Few U.S. Supreme Court decisions have impacted our nation’s history as much as the Brown v. Board landmark decision. This historic ruling marked a turning point in our nation’s history, not only outlawing school segregation, but also having a direct, immediate and personal impact on millions of students and their families.
Today, the stakes remain high at the Supreme Court, evidenced by recent cases that highlight the real and practical implications of the Court’s decisions on issues ranging from voting rights to the rights of American workers to organize. In order for the Court to continue to serve the American people at full strength, educators are demanding the Senate to do its job, put students ahead of partisan politics, and to hold a hearing and a vote on President Obama’s nominee for the United States Supreme Court, Judge Merrick Garland.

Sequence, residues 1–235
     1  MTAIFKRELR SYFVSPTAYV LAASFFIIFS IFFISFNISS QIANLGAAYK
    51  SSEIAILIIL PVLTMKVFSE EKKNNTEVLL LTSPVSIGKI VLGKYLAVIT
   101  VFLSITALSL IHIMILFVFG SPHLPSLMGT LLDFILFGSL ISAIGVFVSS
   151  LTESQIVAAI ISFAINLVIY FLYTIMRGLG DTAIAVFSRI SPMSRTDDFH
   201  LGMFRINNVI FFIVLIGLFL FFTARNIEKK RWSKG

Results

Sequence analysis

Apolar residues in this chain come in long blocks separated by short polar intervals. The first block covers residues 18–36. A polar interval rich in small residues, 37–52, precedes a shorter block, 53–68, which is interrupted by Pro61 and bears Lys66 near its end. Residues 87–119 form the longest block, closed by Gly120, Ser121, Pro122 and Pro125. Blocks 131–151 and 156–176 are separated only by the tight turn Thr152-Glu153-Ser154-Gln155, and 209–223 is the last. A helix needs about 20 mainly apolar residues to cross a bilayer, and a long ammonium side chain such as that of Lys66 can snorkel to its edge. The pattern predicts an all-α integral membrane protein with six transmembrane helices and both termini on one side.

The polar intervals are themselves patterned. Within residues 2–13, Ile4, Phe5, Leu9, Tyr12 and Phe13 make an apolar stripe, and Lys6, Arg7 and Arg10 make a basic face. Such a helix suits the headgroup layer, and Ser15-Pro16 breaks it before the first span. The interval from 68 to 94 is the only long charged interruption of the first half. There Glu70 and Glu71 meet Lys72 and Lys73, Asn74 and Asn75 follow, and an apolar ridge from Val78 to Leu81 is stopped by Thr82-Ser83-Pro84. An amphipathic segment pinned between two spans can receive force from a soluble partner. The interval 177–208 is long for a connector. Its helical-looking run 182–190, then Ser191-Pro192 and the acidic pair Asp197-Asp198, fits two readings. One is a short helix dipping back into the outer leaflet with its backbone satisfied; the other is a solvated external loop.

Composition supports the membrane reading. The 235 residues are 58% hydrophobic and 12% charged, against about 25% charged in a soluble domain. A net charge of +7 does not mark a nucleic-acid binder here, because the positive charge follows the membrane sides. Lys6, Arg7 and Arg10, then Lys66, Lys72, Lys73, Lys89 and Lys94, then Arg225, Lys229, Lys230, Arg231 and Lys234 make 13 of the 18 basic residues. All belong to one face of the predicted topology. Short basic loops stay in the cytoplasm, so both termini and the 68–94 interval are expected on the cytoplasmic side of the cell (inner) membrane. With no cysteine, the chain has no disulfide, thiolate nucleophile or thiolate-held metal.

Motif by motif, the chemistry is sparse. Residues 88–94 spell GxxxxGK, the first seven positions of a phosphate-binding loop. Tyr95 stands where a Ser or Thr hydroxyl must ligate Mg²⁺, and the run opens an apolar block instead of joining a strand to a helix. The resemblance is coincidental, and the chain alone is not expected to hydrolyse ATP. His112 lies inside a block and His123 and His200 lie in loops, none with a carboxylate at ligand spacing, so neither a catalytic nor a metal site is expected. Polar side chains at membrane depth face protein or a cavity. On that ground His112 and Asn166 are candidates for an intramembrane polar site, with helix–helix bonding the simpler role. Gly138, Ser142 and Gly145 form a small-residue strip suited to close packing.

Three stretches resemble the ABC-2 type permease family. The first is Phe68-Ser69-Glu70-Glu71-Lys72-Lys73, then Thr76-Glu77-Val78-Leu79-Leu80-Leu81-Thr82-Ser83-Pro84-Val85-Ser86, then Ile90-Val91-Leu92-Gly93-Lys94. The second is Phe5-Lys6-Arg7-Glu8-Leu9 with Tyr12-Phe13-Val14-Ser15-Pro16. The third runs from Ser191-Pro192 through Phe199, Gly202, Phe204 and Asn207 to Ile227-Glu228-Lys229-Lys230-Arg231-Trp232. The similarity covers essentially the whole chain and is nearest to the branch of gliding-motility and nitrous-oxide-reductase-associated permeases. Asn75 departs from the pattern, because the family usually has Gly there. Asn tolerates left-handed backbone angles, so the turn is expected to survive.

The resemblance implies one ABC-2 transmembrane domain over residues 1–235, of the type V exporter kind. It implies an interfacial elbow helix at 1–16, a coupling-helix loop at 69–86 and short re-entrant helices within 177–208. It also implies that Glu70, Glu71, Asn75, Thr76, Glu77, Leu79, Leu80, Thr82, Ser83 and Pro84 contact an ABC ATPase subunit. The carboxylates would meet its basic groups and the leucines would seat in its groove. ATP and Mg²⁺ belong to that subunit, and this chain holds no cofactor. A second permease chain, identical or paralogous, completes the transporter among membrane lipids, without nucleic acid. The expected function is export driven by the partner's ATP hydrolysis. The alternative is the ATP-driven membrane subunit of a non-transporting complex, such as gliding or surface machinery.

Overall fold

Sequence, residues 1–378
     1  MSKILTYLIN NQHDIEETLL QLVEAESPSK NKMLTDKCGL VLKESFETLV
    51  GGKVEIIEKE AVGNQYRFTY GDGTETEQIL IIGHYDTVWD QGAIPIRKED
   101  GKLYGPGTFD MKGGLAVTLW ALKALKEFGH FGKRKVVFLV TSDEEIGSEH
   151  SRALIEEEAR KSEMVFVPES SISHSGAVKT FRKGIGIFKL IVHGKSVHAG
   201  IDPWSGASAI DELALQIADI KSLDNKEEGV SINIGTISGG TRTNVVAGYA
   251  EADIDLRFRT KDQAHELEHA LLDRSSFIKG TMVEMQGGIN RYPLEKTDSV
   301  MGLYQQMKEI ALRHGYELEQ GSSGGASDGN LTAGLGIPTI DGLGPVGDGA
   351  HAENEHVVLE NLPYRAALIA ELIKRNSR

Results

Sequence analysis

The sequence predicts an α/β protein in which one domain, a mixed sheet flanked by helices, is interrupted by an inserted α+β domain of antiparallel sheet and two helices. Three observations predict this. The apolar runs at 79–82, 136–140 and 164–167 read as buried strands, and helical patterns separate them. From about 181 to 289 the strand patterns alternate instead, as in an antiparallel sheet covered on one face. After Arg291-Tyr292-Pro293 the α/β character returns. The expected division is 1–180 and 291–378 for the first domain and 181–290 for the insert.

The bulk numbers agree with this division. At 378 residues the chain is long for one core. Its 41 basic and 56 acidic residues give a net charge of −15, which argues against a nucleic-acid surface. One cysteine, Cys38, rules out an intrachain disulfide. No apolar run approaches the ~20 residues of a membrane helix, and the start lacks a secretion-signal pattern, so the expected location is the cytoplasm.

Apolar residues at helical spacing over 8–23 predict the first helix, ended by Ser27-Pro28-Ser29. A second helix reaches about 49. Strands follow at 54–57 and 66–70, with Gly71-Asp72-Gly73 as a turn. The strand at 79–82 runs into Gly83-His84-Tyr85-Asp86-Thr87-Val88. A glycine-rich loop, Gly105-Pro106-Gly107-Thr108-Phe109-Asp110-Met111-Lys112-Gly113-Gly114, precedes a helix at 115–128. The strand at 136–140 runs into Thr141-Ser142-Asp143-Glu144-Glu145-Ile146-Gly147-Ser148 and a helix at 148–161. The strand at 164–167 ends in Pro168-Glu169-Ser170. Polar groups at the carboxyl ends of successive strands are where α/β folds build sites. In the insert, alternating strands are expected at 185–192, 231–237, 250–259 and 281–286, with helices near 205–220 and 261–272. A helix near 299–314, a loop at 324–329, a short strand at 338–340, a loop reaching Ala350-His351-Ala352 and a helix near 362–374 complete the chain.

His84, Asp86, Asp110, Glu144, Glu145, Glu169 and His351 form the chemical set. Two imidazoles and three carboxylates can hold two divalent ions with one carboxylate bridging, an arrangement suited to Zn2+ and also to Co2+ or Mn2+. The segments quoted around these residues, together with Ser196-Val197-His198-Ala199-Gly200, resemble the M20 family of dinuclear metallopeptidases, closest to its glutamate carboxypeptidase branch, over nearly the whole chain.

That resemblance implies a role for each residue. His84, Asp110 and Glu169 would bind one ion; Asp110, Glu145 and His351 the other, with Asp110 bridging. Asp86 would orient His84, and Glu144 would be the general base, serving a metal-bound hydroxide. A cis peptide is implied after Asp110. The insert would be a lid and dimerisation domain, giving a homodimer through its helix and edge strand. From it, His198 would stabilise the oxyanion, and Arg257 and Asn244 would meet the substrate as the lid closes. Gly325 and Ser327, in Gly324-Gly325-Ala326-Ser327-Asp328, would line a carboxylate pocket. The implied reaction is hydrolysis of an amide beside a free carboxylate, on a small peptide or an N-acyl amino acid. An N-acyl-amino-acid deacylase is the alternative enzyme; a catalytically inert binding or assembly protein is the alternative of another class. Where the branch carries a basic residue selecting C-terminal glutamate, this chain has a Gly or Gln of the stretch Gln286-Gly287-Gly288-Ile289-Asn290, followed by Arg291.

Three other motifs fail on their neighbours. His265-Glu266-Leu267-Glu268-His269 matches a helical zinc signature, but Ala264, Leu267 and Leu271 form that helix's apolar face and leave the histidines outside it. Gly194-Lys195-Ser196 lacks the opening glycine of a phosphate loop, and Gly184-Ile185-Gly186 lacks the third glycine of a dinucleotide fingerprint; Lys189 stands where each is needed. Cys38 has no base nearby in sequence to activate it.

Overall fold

This is why a group of civics, history and social studies teachers traveled to Washington, D.C., to deliver a message to U.S. Senate leaders that their students know well: failing to do your work has consequences.
“It’s hard to explain to students, who believe they should be able to trust what they’ve learned about the constitution and our system of government,” said Marisol García, a middle school teacher from Phoenix. “Students understand expectations, and they don’t understand why senators aren’t meeting theirs.”
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